Common furlough scheme errors relate to pay and claim calculations. The legislation gives employers a 90-day window to repay incorrect claims without penalties. If mistakes are not notified to HMRC within that limit, HMRC can impose penalties, even if any mistakes are genuine errors rather than deliberate. Non-fraudulent mistakes include claims made on incorrect calculations, problems with reference pay for workers with variable hours, or inclusion of commission, tips or overtime claims. Other problems areas surround staff who are partly working and partly furloughed, salary sacrifice arrangements and NI and pension contributions. Employers should pro-actively review claims, to ensure they were justified and to minimise the risk of penalties. See Q: What action will be taken against fraudulent furlough scheme claims?

Holiday mistakes during furlough

Numerous issues can arise relating to holiday. For example, not allowing workers to carry over up to four weeks' annual leave into the next two holiday years. Issues may also arise if an employee amasses leave because they are unable to go on holiday due to travel restrictions. Other issues surround holiday pay as employers must pay normal full pay for annual leave, rather than any reduced furlough pay. Bank holidays are also complicated because if taken as annual leave employers must top up the pay or grant a day off in lieu to be taken at a different point in the holiday year. As there have been tribunal claims about holiday mistakes employers would be well advised to check arrangements carefully, taking expert advice if a dispute arises before matters escalate.

Health and safety claims and whistleblowing about lack of precautions

Employees have the right to refuse to work in dangerous environment if they reasonably believe there is a serious and imminent danger. Tribunal claims are likely to revolve around whether the claimant’s belief in imminent danger was reasonable, depending on the employer’s risk assessments and safe working practices. Similar issues arise under the whistleblowing legislation where the employee makes a disclosure or raises concerns about their employer’s safe working practices. For further information on what employers can do to prevent claims see Q: What should we do about employees who have been on furlough because they are clinically vulnerable or have caring responsibilities?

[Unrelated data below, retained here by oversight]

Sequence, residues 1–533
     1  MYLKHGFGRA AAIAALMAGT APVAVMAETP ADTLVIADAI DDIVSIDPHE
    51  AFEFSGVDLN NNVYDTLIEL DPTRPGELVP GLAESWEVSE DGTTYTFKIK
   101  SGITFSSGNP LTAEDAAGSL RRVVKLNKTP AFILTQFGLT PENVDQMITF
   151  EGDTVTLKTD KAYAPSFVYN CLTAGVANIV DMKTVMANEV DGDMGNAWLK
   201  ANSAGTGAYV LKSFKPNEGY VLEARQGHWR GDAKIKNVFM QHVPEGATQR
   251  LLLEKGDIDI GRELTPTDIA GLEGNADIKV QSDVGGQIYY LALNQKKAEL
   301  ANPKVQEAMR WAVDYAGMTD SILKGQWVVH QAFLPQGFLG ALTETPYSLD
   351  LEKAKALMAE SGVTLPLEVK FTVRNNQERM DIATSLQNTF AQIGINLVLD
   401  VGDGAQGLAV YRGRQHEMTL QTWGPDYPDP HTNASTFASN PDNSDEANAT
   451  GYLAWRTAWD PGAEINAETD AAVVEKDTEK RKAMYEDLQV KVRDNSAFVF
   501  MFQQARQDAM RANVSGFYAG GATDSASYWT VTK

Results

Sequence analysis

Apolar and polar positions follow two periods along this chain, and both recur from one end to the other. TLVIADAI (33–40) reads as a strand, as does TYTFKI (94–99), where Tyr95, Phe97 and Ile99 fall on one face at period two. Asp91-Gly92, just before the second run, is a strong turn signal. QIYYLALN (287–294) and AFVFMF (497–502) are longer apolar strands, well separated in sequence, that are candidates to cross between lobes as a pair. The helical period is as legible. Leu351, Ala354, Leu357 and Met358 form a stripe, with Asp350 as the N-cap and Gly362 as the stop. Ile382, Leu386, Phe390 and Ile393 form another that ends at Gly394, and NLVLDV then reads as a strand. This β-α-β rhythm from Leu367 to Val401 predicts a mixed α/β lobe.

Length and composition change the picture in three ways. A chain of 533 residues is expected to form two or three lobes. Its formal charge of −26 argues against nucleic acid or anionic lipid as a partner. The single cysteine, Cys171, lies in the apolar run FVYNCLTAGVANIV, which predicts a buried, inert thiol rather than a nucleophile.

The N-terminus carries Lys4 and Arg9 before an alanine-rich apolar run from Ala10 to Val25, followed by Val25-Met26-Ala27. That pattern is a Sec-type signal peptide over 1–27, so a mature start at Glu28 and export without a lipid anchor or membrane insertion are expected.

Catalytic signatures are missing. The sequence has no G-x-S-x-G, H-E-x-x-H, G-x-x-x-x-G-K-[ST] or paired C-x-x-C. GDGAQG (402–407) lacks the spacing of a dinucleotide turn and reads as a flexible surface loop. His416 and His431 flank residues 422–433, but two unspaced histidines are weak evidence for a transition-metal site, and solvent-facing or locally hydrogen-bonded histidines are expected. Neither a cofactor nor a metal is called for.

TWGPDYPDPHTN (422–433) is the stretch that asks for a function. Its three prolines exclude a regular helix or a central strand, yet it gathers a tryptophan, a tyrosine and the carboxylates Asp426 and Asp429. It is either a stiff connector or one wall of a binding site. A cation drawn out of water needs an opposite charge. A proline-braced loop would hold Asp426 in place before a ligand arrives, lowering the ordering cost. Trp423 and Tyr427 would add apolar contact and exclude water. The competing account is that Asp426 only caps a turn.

Flexible working

Requests for flexible working are likely to increase and employers will find it harder to justify rejecting some requests, for example working from home, when this has been shown to work effectively during the lockdowns. In addition, the new Flexible Working Bill introduced to parliament in June 2021 proposes that all workers have a legal right to 'flexible working' from day one of employment, rather than needing to have 26 weeks' continuous service. Assuming this is enacted flexible working claims are expected to further increase and employers may wish to revisit their flexible working policies and approach particularly for new recruits.

Disability and long COVID

The number of disability discrimination claims could substantially increase. Returning to the workplace after the restrictions may trigger disabled employees’ requests for home or flexible working. Other claims may surround whether the employer did enough to help employees experiencing mental ill health issues during the pandemic for example those working in healthcare or other essential services. In addition, employees with long COVID will need time off and long-term sickness management.

Q: What records should we keep relating to furlough?

Employers should keep records of the following for six years after the period of furlough ended:

  • any agreement with the employee
  • the amount claimed for each employee
  • the claim period for each employee
  • the claim reference number
  • calculations